Biden’s Judicial Nominees Have Diverse Backgrounds
The president’s first choices for district and appeals court openings reflected his campaign promise to choose judges from outside of traditional backgrounds.,
WASHINGTON — President Biden began a drive to reshape the federal courts on Tuesday with a burst of judicial nominations that put an emphasis on diversity and drew from a broad range of backgrounds including public defenders.
The effort is motivated in part by a desire to offset the conservative mark stamped on the federal judiciary by former President Donald J. Trump, who won confirmation of more than 220 judges, mostly white men. But Mr. Biden’s first round of nominations also sought to make good on his campaign promise to draw from a more diverse pool than either party has in the past and to redefine what it means to be qualified for the federal bench.
In a statement early Tuesday, the president announced the nominations of 11 people to serve as federal district or appeals court judges, moving faster than any president in decades to fill open positions in the courts.
His nominees — led by Judge Ketanji Brown Jackson for the influential U.S. Court of Appeals for the District of Columbia Circuit — included three African-American women for appeals court vacancies and candidates who, if confirmed by the Senate, would be the first federal judge who is Muslim, the first Asian-American woman to serve on the U.S. District Court for the District of Columbia and the first woman of color to serve as a federal judge in Maryland.
“This trailblazing slate of nominees draws from the very best and brightest minds of the American legal profession,” Mr. Biden said in a statement. “Each is deeply qualified and prepared to deliver justice faithfully under our Constitution and impartially to the American people — and together they represent the broad diversity of background, experience, and perspective that makes our nation strong.”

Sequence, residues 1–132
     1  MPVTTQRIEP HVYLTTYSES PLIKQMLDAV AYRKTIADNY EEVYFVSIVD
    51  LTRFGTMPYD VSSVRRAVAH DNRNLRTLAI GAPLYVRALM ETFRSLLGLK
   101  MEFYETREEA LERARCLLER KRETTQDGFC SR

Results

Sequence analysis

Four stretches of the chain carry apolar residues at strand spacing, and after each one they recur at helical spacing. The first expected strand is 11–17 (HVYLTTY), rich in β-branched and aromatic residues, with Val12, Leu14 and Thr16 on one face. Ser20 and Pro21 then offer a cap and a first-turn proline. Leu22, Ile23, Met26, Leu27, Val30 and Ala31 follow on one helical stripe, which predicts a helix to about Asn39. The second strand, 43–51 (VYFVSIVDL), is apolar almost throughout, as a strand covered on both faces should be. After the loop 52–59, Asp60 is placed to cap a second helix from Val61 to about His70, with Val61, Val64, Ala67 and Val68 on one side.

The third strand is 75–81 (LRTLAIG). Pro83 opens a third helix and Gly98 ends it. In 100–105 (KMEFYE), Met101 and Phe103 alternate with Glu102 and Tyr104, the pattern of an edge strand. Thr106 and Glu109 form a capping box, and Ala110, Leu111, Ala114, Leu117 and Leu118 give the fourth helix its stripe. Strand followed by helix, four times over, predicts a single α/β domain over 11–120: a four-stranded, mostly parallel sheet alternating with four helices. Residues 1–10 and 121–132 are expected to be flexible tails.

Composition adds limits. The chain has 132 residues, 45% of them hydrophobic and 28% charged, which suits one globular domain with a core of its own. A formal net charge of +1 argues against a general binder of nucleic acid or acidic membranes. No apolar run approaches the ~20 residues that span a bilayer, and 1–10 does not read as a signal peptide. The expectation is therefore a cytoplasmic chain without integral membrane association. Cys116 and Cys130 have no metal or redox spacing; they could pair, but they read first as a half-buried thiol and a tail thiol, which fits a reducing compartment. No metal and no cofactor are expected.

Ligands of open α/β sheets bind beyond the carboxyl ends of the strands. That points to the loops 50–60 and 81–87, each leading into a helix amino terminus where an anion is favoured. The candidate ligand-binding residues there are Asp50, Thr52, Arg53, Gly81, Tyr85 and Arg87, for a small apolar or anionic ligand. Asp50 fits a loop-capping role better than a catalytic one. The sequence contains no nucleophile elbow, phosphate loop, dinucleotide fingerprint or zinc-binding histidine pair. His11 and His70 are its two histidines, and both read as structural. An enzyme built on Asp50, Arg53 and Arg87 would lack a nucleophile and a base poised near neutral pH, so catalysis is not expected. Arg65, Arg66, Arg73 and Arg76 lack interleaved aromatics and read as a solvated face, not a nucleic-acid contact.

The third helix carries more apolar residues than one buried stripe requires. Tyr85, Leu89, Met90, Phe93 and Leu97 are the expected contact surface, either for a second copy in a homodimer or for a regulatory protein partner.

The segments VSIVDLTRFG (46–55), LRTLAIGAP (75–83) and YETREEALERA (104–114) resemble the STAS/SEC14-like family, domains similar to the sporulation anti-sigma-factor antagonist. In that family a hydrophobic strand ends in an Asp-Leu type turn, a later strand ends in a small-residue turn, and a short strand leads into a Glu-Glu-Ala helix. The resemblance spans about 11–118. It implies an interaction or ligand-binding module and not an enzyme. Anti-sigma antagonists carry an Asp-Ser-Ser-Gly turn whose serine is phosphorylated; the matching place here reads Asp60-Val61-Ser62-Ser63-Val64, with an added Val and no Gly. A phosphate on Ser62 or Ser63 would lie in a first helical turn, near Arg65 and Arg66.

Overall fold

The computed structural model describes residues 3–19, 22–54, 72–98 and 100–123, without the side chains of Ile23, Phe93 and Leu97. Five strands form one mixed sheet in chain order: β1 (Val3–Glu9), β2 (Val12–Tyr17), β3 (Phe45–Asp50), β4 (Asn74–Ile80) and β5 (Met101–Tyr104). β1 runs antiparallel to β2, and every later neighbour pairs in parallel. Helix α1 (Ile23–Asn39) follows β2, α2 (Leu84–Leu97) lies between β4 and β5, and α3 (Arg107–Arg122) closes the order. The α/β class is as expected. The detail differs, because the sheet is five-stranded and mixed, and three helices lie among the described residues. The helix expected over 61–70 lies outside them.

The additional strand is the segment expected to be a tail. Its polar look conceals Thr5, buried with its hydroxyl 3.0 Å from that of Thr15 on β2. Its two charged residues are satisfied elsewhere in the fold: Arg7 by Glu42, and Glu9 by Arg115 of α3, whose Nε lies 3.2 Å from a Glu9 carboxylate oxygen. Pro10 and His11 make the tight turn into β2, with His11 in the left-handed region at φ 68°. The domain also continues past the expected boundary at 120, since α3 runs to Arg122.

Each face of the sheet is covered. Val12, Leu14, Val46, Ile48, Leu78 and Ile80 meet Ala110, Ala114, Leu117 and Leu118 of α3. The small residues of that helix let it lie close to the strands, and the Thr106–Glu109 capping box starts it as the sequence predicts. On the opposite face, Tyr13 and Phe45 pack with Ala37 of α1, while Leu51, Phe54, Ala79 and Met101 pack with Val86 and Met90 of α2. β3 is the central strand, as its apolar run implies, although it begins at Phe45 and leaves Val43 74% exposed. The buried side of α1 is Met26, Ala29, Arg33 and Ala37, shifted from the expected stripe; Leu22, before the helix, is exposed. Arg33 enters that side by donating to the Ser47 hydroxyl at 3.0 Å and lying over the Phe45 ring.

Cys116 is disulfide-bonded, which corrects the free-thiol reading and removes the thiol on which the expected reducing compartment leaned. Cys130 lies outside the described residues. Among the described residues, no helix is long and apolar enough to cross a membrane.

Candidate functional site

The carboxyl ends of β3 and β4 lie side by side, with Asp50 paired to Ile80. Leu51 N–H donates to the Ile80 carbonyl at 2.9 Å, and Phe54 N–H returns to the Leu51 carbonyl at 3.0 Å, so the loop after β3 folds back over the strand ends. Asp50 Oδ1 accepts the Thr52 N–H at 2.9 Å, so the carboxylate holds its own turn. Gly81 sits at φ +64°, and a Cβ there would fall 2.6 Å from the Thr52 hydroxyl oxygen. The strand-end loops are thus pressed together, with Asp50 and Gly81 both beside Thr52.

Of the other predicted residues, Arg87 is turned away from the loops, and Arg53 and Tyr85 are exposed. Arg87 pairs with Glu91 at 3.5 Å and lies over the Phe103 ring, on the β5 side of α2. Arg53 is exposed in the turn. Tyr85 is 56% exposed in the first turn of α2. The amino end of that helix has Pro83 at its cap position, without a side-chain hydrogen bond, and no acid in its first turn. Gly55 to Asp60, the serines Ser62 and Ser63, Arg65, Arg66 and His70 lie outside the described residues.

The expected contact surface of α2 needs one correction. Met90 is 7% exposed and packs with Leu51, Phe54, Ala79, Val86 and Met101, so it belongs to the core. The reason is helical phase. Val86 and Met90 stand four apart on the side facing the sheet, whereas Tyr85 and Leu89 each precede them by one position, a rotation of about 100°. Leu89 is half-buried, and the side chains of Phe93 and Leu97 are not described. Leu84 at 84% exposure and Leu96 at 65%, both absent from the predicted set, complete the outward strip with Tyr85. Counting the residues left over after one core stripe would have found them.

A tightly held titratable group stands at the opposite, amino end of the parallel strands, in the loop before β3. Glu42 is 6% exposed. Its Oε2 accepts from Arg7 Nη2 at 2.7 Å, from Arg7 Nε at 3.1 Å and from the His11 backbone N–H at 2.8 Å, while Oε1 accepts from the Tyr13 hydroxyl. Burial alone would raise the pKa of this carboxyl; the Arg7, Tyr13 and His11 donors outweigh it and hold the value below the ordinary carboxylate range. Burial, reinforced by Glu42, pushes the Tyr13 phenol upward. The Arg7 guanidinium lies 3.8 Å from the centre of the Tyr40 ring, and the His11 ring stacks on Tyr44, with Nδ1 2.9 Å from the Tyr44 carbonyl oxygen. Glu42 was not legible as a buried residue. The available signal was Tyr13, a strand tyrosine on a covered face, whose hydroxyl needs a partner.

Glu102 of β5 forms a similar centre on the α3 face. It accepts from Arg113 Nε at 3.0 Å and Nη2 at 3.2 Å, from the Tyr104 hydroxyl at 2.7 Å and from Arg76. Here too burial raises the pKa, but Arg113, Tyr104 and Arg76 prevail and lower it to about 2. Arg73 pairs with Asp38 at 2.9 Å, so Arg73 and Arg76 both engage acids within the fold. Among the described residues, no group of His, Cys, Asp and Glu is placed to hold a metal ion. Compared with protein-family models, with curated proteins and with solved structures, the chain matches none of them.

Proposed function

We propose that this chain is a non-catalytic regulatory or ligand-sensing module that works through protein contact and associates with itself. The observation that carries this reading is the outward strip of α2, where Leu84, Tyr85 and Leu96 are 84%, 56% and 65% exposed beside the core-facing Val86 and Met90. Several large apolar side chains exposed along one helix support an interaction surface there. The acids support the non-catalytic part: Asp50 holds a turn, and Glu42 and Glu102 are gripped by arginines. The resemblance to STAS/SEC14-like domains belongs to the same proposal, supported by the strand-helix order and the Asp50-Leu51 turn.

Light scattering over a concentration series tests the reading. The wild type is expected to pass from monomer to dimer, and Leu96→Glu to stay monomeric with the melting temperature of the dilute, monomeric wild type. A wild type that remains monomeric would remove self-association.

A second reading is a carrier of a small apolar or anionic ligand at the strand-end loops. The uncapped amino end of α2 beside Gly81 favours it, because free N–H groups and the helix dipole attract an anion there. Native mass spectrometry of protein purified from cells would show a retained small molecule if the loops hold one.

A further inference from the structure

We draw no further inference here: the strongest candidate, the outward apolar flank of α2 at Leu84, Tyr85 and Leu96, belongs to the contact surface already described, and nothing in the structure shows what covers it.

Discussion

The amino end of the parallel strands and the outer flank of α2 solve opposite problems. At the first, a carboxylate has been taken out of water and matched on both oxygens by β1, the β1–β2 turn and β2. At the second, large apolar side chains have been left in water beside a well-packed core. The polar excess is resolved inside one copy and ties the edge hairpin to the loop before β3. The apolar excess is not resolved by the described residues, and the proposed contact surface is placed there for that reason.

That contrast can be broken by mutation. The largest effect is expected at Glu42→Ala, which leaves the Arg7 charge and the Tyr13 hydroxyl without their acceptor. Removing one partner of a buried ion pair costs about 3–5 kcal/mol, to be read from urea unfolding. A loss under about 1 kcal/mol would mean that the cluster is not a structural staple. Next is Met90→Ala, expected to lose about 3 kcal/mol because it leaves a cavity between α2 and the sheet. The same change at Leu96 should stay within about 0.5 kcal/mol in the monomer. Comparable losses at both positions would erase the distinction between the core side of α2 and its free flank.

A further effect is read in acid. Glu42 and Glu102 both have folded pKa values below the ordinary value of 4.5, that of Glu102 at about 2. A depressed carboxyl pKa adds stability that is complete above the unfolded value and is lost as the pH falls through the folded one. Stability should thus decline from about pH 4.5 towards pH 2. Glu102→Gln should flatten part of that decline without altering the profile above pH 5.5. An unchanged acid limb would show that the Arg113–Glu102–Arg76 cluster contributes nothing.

The Chicago-based U.S. Court of Appeals for the Seventh Circuit is a case in point. After the only African-American judge serving there stepped aside in 2017, Mr. Trump had four chances to make a racially diverse pick for the court. He did not take the opportunity, instead naming four more white judges.
Mr. Biden’s first round of judicial picks were an effort to begin addressing such imbalances while the Senate is under Democratic control. Where Mr. Trump emphasized white male conservatives, Mr. Biden is diversifying not only the ethnic backgrounds of his candidates but their professional ones as well, seeking out lawyers with varied legal careers.
“We have a real opportunity to remake what the judiciary looks like and remake it in a way that looks like the country and the lawyers that practice in it,” said Neil Eggleston, who served as former President Barack Obama’s White House counsel from 2014 to 2017 and supports the new approach.